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Re: -no-undefined on Win32

From: Evgeny Grin
Subject: Re: -no-undefined on Win32
Date: Fri, 18 Apr 2014 21:22:33 +0400

18.04.2014, 19:17, "Bob Friesenhahn" <address@hidden>:
> Why does it create more headache when porting to Win32?  Using this
> option indicates that the project has been constructed in a way which
> will work on systems which do not allow undefined symbols.  Many
> projects (particularly those targeting only GNU/Linux because it is a
> popular operating system) are not suitably constructed and require
> adaptation.

As it's required mostly for Win32, project creators don't use this option by 
default. Moreover, to ensure maximum portability, this option often used 
conditionally for win32 only.
I can't get the idea, why libtool needs information that author is aware of 
undefined symbols (or aware of something else). This is inconsistent with other 
GNU tools. For example, GCC don't need information that author is aware of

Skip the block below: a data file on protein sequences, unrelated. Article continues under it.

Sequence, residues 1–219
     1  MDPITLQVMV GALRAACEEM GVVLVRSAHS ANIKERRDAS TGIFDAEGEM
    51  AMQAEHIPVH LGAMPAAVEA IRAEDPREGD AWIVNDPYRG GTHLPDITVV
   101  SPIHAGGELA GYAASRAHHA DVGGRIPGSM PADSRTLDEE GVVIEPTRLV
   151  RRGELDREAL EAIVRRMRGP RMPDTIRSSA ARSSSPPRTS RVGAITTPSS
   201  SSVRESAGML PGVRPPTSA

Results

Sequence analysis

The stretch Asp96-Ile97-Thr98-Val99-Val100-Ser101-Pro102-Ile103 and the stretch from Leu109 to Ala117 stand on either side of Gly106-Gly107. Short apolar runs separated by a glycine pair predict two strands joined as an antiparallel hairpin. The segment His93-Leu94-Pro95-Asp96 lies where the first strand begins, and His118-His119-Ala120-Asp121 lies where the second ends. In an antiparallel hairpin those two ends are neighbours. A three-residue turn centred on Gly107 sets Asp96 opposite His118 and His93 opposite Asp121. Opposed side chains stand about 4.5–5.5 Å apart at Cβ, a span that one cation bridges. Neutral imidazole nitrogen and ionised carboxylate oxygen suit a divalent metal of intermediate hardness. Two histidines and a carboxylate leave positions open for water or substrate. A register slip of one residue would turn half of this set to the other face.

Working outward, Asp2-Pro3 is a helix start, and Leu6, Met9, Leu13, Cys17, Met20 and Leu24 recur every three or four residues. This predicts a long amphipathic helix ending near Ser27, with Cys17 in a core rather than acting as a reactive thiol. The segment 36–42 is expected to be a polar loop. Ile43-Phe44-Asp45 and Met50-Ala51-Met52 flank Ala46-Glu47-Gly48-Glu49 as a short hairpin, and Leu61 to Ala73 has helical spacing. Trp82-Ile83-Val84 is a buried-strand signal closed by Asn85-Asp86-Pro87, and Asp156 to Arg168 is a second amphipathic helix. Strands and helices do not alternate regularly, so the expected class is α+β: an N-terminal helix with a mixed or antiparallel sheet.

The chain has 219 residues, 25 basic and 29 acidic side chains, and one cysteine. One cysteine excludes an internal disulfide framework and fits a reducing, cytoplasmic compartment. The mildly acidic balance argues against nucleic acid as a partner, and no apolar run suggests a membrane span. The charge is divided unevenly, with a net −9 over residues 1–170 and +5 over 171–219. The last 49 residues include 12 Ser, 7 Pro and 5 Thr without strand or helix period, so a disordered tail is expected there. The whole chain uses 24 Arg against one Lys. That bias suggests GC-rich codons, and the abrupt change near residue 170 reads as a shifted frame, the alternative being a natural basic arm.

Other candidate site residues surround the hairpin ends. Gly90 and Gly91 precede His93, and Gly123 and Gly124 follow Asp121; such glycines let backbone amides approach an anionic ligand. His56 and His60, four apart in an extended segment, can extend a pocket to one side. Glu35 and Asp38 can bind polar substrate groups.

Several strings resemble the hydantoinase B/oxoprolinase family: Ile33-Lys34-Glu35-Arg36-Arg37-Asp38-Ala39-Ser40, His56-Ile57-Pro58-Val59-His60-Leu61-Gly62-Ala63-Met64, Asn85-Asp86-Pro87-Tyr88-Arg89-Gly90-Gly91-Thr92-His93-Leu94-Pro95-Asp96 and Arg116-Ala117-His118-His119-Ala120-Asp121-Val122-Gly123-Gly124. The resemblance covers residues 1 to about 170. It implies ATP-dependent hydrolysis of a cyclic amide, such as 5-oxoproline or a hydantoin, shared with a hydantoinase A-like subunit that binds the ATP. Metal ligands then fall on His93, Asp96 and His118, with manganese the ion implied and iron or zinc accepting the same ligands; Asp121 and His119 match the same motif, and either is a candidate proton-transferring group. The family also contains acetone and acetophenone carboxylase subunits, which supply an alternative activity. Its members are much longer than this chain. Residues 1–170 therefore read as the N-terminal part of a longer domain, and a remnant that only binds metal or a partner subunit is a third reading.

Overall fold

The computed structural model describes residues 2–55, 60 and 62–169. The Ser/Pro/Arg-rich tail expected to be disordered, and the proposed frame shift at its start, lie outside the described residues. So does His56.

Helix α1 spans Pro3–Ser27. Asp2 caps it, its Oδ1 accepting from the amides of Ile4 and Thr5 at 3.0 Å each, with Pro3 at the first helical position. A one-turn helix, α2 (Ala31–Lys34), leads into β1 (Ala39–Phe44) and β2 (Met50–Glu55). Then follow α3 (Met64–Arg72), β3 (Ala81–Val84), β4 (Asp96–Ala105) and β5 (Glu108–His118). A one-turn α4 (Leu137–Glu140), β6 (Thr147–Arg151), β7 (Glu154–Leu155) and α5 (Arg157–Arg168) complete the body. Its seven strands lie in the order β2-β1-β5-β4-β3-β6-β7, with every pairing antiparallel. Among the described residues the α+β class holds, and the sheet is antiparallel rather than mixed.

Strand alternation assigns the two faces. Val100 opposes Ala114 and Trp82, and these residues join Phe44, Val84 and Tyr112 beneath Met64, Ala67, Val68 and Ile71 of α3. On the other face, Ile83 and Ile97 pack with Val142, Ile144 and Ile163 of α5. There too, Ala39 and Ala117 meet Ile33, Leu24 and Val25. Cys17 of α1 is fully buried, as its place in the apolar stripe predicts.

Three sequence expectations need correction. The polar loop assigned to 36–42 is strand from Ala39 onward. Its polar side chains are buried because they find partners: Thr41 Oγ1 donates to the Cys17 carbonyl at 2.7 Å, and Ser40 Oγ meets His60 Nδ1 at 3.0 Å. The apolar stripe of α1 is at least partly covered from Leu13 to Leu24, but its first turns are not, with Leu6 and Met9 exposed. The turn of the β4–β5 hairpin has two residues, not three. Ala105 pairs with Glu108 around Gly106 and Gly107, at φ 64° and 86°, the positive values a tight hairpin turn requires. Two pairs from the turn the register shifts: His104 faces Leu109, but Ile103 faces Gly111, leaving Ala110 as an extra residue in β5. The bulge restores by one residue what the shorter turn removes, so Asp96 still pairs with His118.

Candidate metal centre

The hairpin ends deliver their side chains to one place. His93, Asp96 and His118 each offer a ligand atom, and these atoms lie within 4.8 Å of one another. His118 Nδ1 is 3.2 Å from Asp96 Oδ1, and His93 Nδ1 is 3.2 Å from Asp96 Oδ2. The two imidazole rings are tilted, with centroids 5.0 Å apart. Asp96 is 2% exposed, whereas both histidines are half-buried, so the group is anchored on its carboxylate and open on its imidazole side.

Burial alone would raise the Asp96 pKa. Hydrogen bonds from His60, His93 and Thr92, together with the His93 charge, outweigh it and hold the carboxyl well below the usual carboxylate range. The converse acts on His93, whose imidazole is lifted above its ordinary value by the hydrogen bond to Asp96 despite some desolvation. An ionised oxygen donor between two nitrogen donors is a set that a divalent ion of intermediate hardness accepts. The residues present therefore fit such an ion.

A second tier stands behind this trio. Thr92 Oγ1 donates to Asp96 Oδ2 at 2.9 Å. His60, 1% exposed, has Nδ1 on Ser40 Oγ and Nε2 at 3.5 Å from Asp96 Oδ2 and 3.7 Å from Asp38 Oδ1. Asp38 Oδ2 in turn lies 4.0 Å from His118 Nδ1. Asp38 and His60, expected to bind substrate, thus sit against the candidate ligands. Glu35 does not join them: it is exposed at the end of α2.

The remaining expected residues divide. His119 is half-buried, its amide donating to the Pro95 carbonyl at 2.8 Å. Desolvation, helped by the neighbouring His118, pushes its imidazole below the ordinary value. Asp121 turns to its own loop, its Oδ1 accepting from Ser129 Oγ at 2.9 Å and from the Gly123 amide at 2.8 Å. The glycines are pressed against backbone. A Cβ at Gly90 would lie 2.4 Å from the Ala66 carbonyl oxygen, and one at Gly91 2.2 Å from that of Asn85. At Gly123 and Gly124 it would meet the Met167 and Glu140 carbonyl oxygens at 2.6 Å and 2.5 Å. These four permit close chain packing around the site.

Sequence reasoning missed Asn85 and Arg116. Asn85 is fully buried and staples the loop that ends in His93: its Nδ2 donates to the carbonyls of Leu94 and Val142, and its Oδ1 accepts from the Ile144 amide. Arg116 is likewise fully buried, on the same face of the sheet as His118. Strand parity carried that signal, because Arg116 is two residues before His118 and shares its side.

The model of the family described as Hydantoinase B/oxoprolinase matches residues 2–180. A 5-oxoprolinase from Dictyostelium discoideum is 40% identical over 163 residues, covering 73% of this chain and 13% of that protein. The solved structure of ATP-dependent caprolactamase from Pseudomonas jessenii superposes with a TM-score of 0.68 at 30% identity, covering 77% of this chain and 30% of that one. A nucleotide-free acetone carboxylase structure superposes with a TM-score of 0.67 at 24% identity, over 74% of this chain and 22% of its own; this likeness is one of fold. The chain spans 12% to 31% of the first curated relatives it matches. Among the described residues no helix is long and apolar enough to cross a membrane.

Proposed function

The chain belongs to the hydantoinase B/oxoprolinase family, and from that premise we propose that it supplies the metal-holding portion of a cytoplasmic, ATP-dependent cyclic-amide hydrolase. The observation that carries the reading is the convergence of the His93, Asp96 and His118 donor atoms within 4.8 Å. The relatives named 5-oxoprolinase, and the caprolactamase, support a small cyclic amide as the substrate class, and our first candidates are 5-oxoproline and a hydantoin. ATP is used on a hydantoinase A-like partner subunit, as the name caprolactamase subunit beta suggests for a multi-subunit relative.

C++11 features. You can instruct GCC to use C++11 dialect or instruct to use 
C++03 dialect (and not use C++11 features).
I suggest to use the same logic for libtool. Use "-no-undefined" options to 
instruct linker to not use undefined symbols where it's possible to use 
undefined symbols. If some particular platform always need some compiler/linker 
option for shared lib then substitute required option automatically. The main 
idea of libtool (as I understand it) is simplification creation of static and 
shared lib, but currently this will make compilation more difficult than 
without libtool.

> Libtool always defaults to successful compilation and link, to the
> maximum extent possible.

That's nice, leave it to compiler and linker. If something can be compiled and 
linked, it will be compiled and linked. If it can't be, then compiler or linker 
will fail. Why giving up before even try?

Best Wishes,
Evgeny Grin

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